State Rep. Shannon Zimmerman, R-River Falls, has proposed three bills to protect the personal data of Wisconsin consumers from tech companies. The three bills are largely modeled after the General Data Protection Regulation (GDPR) that became EU law in 2018. They would give Wisconsin residents the right to their personal information as collected by online data collectors and would allow them to see whether their information has been sold to third-party companies.
Under these bills, data collectors would also be legally required to stop collecting data upon the consumer’s request and could face up to $20 million in fines for violating these laws. According to Zimmerman, the bills have gained bipartisan support.
The proposed bills would be some of the first of their kind in the U.S. regarding individuals’ rights to their personal data, with the California Consumer Privacy Act (CCPA) having recently gone into effect Jan. 1. Both the proposed Wisconsin bills and the CCPA share legislative characteristics with the GDPR, which so far comprises the most comprehensive personal data collection regulations to date.
The GDPR explicitly states individuals have a fundamental right to their personal data, and that Internet users must consent to their data being collected. Websites and tech companies also must fully inform users of how their data is being used by third-party collectors.
Whereas the CCPA only applies to companies that earn over $25 million per year or collect the data of over 50,000 people, the GDPR requires that all companies with an Internet presence within the EU comply.
For the most part, the CCPA protects online consumers, as one of the main tenets of the act is that tech companies cannot discriminate against web users based on their data preferences. In fact, the overall purpose of the bill is to give residents more freedom over the information they choose to make available to companies while imposing penalties on data collectors that don’t cooperate.
Many sites the CCPA applies to in California are extending the new privacy rights across the U.S., proof that this legislation is already attracting national attention to how personal data collection is regulated online.
Still, there has been pushback — mainly from lobbyists and the tech industry — against the CCPA and the GDPR. One main point of contention is the cost incurred by both tech companies and users under these regulations.
According to Sheila Colclasure, chief data ethics officer at data broker Acxiom, this is because the data industry is the foundation of free content and knowledge online.
Given how valuable our personal data has become — it’s estimated that American companies spent roughly $19 billion in 2018 on consumer data acquisition and analysis — websites usually offer ad-supported free use. This, Colclasure explains, is the preferred alternative to hitting a paywall each time you browse. Others argue that GDPR punishes smaller companies that cannot afford to manage and protect all user data, ultimately giving larger tech companies greater market power.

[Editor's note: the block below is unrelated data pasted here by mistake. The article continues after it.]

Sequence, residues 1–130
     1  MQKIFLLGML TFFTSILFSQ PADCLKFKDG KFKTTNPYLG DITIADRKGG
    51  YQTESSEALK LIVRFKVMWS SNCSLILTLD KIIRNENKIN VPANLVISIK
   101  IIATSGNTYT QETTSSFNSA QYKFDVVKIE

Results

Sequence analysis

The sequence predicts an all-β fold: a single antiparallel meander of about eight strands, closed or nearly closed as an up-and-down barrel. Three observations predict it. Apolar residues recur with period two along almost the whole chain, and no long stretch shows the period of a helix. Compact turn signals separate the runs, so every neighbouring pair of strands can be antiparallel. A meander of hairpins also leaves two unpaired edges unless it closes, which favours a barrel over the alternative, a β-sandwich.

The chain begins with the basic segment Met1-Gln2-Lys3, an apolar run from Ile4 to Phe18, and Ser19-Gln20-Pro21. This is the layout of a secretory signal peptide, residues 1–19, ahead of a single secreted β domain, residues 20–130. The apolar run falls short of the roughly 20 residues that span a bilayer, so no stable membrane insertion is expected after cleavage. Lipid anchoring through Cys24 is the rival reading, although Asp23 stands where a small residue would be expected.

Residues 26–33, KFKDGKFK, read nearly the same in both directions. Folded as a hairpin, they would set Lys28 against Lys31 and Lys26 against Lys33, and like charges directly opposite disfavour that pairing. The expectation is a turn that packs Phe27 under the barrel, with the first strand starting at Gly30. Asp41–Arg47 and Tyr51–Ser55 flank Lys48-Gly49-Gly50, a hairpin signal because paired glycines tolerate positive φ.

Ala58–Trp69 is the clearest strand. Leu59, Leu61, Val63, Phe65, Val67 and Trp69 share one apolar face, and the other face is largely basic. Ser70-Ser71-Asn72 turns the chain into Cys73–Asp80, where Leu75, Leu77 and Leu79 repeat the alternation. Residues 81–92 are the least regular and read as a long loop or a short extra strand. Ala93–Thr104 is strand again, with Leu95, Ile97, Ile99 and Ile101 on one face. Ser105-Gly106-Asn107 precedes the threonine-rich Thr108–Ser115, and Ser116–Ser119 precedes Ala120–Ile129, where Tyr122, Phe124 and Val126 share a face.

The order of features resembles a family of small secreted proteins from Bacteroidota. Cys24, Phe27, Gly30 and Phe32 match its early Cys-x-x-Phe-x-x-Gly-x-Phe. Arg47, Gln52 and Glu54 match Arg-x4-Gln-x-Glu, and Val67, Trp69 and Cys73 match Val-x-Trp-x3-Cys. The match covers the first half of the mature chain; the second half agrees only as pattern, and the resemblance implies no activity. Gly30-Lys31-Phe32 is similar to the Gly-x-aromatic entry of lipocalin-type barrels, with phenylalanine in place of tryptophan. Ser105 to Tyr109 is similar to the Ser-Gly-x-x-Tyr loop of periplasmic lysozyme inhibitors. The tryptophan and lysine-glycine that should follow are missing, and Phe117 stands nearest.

Again, much of the criticism of the GDPR and CCPA is from within the tech industry. Consumers are largely supportive of laws that protect their personal information online, as evidenced by the global rise of ad-blockers.
Ad blockers are detrimental to Facebook’s business in particular, as its model relies on using information such as an individual’s location and website use to create targeted advertising.
Facebook is not the only tech giant that cares so deeply about its users’ personal data. A Washington Post writer found 974 apps and websites shared his online activity. While it may be obvious location is tracked through various apps and websites, it’s intentionally less apparent that another business may buy that location data to analyze retail behavior.
The majority of the websites we use, like Google Maps and Gmail, are free and do not require a subscription. Instead of money, users pay with personal data, which then helps these websites post targeted ads.
This is why legislation like the GDPR, CCPA and proposed Wisconsin bills are so important. Personal data is constantly tracked, mined and sold without the individual’s knowledge to profit online ad agencies and tech companies that survey anyone and everyone wherever they may scroll.
There is no telling what personal information may be used for in the future unless users can be informed and have control over how they are being tracked online and for what purpose.
Anne Isman ([email protected]) is a freshman studying economics.